Penetrometer I173XX (Agrosta, Normandy, France) configured in texture profile analysis mode measured the responses of the three samples analyzed (n = 3). The instrument compressed the optimal film (which was 1 cm in diameter) against the pig skin twice at 10 mm/s with an activation charge of 5 gf and a return speed of 5 mm/s, and paused for 5 s between the cycles. For post-wetting bioadhesion, the skin area was moisturized 10 min before the test.

2.4.7. ATR-FT-IR

The attenuated total reflectance–Fourier-transform infrared (FT-IR) spectra were recorded using a UATR Two spectrophotometer (PerkinElmer, Waltham, MA, USA) from 500 to 4000 cm−1 with a spectral resolution of 2 cm−1.

2.4.8. Differential Scanning Calorimetry (DSC)

A DSC 1/700 (Mettler-Toledo, Columbus, OH, USA) was used to measure the film’s glass transition temperature (Tg). Calibration employed an Indium standard (melting temperature: 156.6 °C). Approximately 5 mg film was weighed directly into standard aluminum pans. Thermal events were recorded in a temperature range from 8 to 225 °C with a 5 °C/min ramp under a nitrogen atmosphere (purge at 20 mL/min).

2.4.9. Surface Morphology—Scanning Electron Microscopy (SEM) and Atomic Force Microscopy (AFM)

Via the use of SEM JSM-5900 (JEOL USA, Inc., Peabody, MA, USA), the optimal films deposited on the holder coated with gold were observed, obtaining a conductive surface in vacuum conditions.
Finally, the same films were analyzed using an Atomic Force Microscope NX10 (PARK) equipped with software for image analysis XEI (4.3.4. Build 22, PARK Systems Corp., Suwon, Republic of Korea), using the Non-Contact Mode with a resonance frequency of 230 kHz and a scan speed of 1.0 Hz. The treatment of the images was performed using 5 × 5 μm of the sample.

2.4.10. Uniformity of Content

Each optimal film was left in 3 mL of dimethyl sulfoxide (DMSO) for 3 h (ten samples analyzed, n = 10), with the addition of 7 mL of deionized water, and then 1 mL of the new dispersion was centrifuged at 15,000 rpm for 30 min. For each drug, the supernatant was diluted at 100 μL in 2 mL of deionized water and subsequently analyzed using the validated UV–VIS spectrometry method described previously.

2.4.11. Drug Release

Franz Cells were used to evaluate the release of the drugs, using regenerate cellulose dialysis bags MWCS 12–14 kDa (Spectra/Por, Los Angeles, CA, USA) as membranes separating donor and receptor compartments. Optimal composite films that were 1 cm in diameter and supplemented with the drugs (LGL MAS) were evaluated (six samples analyzed, n = 6). The dissolution medium was added to 3.5 mL of phosphate-buffered solution (PBS) with pH = 7.4 at 37.5 °C and 50 rpm. A total of 250 μL PBS was extracted at different times for drug quantifications by applying the previously mentioned spectrophotometric methods. The data were fitted to various kinetic models, such as zero-order, first-order, Higuchi, and the Korsmeyer–Peppas model. The model with the highest correlation coefficient was considered the best fit.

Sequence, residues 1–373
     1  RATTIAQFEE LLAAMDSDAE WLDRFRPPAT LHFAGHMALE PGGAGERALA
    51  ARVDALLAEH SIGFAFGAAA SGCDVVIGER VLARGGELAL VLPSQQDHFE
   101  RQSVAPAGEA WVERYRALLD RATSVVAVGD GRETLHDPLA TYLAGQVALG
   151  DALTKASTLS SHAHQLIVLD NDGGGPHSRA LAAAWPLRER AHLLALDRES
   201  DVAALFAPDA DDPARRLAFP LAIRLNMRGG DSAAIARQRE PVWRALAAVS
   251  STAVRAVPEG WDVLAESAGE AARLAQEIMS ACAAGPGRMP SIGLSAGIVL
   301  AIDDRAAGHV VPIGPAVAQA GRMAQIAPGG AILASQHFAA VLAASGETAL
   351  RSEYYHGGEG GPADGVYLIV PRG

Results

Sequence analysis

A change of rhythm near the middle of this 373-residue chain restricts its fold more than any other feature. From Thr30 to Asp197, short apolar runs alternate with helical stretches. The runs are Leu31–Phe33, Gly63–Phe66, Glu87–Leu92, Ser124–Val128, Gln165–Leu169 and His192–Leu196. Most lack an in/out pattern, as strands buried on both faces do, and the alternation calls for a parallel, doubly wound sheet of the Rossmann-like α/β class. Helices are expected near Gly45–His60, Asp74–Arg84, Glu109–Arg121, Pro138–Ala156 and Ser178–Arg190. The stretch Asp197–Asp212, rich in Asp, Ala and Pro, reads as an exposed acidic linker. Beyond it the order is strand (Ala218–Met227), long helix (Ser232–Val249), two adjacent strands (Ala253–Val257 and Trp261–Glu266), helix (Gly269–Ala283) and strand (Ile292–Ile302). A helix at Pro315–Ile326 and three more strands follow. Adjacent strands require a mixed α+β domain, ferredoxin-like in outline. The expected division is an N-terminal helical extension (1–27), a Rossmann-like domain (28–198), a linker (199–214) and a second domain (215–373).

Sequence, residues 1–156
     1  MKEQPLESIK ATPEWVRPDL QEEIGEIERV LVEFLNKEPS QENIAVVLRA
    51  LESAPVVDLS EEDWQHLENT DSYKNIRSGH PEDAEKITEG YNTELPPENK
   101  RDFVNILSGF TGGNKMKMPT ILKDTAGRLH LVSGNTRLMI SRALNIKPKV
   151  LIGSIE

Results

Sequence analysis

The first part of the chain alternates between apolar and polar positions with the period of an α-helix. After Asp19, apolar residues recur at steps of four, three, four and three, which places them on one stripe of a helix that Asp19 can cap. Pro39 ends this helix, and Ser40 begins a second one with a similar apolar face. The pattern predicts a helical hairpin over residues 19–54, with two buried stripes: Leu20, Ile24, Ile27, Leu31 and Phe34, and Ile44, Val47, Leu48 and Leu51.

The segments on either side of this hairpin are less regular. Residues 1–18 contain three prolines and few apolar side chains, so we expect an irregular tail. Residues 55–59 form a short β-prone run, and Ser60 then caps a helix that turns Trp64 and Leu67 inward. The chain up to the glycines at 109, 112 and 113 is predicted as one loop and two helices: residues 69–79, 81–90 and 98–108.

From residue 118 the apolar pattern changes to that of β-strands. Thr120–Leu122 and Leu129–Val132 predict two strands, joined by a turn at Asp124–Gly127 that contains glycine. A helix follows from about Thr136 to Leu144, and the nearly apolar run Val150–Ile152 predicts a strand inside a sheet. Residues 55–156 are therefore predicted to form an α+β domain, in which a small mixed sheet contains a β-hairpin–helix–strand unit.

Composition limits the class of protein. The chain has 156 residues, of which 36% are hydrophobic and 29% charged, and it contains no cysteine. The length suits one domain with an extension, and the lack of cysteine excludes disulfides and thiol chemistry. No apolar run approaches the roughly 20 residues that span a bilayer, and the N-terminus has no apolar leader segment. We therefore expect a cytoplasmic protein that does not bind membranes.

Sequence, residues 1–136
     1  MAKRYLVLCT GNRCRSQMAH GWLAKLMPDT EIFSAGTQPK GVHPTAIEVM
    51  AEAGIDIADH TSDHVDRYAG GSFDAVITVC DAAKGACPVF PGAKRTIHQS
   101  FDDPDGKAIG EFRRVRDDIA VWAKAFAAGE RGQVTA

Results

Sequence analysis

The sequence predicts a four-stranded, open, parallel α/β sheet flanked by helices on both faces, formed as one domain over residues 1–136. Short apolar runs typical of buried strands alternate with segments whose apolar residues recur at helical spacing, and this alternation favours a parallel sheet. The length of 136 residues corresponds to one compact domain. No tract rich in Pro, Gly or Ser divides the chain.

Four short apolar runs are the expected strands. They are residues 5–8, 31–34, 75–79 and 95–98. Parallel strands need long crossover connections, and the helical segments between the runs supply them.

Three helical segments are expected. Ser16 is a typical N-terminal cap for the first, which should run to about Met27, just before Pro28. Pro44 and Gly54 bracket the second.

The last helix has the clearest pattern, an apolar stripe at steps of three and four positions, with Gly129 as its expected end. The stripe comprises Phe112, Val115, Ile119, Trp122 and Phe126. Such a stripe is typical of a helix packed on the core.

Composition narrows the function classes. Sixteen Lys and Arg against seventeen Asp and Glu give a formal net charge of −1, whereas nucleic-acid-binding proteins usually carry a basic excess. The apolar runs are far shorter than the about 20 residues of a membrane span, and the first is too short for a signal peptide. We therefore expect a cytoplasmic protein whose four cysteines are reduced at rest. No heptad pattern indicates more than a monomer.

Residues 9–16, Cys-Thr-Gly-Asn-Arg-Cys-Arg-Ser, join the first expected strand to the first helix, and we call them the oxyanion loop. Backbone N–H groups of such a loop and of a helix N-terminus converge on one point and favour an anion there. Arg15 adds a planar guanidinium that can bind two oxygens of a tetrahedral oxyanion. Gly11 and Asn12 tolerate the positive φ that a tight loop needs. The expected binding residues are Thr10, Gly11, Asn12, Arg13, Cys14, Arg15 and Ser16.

Statistical analyses. The experimental data were analyzed by using STATGRAPHICS Centurion XVI® software (version 16.2.04, StatPoint Technologies, Inc., Warrenton, VA, USA).

3. Results and Discussion

3.1. Preparation of Nanoparticles

The excipient charges were the principal property taken into consideration for the manufacture of composites. The desolvation method consisted of three dispersions, as described in Figure 1. In dispersion A, the addition of a desolvating agent reduced the water available to keep the gelatin dispersed, resulting in the contraction of polymer chains; the hydration became too low for larger chains and then precipitated (desolvation 1). This phenomenon improved the distribution and reproducibility of the final product. Then, pH was adjusted to 3—below gelatin’s isoelectric point (pI ≈ 4–5)—to charge it positively [15]. Dispersion B consisted of amphoteric laponite for LGL formulations, while for LGL MAS, it contained the clay and maltodextrin/sodium ascorbate mixture. In the latter, the positive edges of the solid disk formed electrostatic interactions with ascorbate anions. In the case of maltodextrin (a neutral carbohydrate), it developed physical interaction mainly with the negative surface of the mineral [8,20]. Finally, dispersion C had a negative charge due to the presence of soy lecithin (phosphatidylcholine). During the mixing process with the rest of the dispersions, the acetone/methanol mix exhibited desolvating activity upon gelatin, contracted the chains of protein (desolvation 2), and formed the particles by means of violent agitation. At the end of this process, the pH of the dispersion was around 3–4. This condition increased the hydrophobicity of the lecithin and caused particles aggregation [21] while having a possible negative effect upon wounds, if the composites fitted as dressings [22]. For those reasons, pH was adjusted to 6.5, and glutaraldehyde was added as a covalent crosslinker of the free amino groups of the gelatin chains through a Maillard reaction [15]. The films were formed by water evaporation, allowing the coalescence of the particles [23], and the clay acted as a physical crosslinker [24], helping to accelerate the drying process. This research aimed to shed light on the properties of the laponite-based film used on wounds in a liquid state, which will help to increase contact on the irregular surface of wounds.